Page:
Serbuan maut (2011)
★★ / ★★★★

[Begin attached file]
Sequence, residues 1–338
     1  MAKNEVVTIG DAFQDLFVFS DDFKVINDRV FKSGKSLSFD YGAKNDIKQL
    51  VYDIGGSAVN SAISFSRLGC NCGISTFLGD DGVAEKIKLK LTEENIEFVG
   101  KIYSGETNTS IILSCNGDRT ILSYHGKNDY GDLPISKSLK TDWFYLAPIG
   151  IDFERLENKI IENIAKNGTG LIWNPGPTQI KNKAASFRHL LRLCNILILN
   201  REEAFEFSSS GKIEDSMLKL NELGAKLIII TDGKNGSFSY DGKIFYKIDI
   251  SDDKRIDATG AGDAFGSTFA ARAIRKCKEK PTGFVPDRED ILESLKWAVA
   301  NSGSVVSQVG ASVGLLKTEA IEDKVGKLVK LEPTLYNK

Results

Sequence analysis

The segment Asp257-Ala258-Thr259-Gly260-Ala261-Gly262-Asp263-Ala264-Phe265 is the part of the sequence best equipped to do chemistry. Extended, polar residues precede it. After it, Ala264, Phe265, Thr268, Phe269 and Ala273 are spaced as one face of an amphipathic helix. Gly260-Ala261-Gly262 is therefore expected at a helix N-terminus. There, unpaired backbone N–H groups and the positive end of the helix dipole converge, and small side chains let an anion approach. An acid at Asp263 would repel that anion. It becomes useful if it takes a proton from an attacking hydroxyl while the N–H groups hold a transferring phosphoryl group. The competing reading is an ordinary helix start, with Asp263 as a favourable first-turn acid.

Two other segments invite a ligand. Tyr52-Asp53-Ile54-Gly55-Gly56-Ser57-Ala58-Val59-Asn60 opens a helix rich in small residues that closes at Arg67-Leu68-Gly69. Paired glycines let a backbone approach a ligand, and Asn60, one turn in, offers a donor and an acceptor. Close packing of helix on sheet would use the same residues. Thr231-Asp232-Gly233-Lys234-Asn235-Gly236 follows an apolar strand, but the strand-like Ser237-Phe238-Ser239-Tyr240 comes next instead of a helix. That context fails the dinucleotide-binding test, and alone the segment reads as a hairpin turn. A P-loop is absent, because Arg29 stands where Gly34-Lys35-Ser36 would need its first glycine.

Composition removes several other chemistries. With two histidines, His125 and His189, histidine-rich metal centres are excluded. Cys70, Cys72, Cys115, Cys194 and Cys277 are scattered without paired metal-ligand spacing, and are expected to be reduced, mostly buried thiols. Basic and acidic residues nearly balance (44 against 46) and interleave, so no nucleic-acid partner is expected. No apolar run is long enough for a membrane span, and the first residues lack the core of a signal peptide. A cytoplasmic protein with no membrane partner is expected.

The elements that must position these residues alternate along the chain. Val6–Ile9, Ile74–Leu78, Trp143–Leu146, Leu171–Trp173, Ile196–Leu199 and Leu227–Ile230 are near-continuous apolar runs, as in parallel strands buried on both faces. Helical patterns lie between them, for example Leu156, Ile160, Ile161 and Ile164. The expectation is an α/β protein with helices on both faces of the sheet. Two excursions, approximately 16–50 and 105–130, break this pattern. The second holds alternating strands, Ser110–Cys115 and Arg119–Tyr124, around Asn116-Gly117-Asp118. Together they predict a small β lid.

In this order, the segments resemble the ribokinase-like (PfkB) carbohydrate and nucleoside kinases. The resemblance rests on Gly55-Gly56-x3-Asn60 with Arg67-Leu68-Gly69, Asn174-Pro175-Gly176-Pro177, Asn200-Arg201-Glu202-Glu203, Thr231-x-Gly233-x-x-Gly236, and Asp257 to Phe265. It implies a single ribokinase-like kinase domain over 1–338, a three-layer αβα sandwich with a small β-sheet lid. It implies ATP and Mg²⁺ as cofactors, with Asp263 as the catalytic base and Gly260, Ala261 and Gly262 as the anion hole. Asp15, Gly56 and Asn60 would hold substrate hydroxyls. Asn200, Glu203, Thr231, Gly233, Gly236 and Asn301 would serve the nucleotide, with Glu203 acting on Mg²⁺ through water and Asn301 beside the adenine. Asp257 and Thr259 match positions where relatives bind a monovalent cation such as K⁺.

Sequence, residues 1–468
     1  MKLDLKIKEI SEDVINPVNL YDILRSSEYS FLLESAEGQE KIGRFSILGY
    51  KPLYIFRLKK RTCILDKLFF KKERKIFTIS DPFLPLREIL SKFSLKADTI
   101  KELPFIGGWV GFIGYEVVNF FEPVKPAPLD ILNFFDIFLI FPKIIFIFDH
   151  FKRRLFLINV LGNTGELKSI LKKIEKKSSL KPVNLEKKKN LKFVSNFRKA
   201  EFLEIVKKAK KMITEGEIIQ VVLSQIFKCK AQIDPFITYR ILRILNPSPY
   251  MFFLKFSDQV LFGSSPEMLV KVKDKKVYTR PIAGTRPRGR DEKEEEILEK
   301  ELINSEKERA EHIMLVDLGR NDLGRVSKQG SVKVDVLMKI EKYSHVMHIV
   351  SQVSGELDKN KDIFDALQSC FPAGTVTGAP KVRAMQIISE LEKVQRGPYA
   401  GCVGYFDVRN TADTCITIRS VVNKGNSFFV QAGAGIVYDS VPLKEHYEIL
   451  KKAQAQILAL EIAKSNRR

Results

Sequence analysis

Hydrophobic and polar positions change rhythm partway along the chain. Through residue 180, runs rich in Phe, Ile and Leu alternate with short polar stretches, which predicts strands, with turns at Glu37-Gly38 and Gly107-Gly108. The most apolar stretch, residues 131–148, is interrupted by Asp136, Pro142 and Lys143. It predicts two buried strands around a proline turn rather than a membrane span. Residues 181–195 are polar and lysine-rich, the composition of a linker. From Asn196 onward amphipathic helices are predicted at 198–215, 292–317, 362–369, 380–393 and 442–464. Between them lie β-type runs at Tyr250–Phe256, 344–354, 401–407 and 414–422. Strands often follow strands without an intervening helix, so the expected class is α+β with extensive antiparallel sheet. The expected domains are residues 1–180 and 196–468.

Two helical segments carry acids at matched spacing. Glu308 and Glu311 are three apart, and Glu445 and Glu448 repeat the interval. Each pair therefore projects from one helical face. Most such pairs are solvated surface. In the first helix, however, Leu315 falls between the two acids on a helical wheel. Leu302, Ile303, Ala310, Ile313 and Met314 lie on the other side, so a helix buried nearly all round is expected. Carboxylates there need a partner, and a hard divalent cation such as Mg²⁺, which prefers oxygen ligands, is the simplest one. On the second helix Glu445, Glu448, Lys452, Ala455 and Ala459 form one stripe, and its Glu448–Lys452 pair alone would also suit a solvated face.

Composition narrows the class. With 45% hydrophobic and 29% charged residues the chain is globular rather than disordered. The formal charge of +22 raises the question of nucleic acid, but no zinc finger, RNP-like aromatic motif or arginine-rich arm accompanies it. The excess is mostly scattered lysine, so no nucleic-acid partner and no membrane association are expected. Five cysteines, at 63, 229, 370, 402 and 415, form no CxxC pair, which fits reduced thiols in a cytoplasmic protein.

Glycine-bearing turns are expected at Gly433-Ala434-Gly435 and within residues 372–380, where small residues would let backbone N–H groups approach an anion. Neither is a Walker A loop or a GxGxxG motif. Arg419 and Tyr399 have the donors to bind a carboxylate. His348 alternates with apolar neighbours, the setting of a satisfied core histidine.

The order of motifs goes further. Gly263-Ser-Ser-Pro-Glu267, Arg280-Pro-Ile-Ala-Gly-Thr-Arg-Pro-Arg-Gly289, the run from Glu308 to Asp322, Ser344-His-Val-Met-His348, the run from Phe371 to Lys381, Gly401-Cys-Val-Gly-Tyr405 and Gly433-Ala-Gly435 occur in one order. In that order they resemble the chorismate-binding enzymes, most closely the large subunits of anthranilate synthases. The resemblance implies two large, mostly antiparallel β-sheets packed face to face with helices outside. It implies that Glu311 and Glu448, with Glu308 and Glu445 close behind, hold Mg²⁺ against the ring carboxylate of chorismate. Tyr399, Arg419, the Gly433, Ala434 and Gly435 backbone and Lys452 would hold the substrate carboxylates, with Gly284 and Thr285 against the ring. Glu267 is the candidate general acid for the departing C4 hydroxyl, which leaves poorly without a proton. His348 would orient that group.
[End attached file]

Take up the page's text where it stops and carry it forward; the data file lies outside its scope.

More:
In order to capture and shut down a gangster who provided housing for all sorts of criminals, a group of cops had to storm a building and make their way up to the fifteenth floor where Tama (Ray Sahetapy) hid with his most trusted henchmen (Donny Alamsyah, Yayan Ruhian). The surreptitious incursion went rather swimmingly until the team reached the sixth floor. Once the alarm was triggered, the tables were turned and a bloody massacre began. The first act of “Serbuan maut,” written and directed by Gareth Evans, worked as suspenseful action-thriller because of the way the camera lingered and paid attention to the exact steps necessary for the cops to get into the building sans casualty. As the men took nervous but careful breaths and lined up along the compound’s walls with their courage, helmets, and guns, it felt like we were watching a real storming of a criminal base. I was so engrossed with what was happening, even a simple act of picking a lock triggered my imagination to think of the worst. For instance, what if the lock, once opened, had some sort of a fatal trap? When silence enveloped the action and the camera was up close on people’s faces, the writer-director capitalized on our suspicion that something was about to go very wrong. Unfortunately, the film’s middle section up until the very end felt lazy although that isn’t to suggest that it was without inspiration. The martial arts performed by the actors and stuntmen forced my eyes to widen in disbelief and fear while my mouth dropped open because of the level of violence shown on screen. There were plenty of moments when I flinched and psychically begged everyone to stop hurting each other. Everything was free game: the slicing of the flesh using small knives and machetes, releasing of bullets from guns placed directly on the back of the head as well as on the face, breaking of spinal cords using bare hands and convenient nearby objects, among others. It managed to keep my interest for some time. However, as it went on, I eventually craved for something more. The last thing I wanted was a story but the script was adamant in pursuing one. Between the action sequences were conversations that were frustratingly vague. Names were mentioned but it was difficult to keep track of who was being referred to and if the character was still alive or long dead. There was mindless talk of corruption and unexpected connections between two sides. I found it difficult to care. What I craved to see was more variation of the physical combat. The problem was each room and hallway looked pretty much the same: gray, dingy, and grimy. And since there weren’t enough significant changes in the environment, fighting styles and strategies remained the same and I noticed myself becoming increasingly bored. Luckily, Rama (Iko Uwais), our main protagonist who had a pregnant wife at home, had a very human quality about him. I suspected that if the script that been stronger, Uwais might have successfully played a hero who we could both root for and understand. I give “The Raid: Redemption” some credit for not mistaking bullets penetrating walls, appliances, and bodies as thrilling. Too bad, though, that its occasional peaks of creativity were hampered by monotonous dialogue.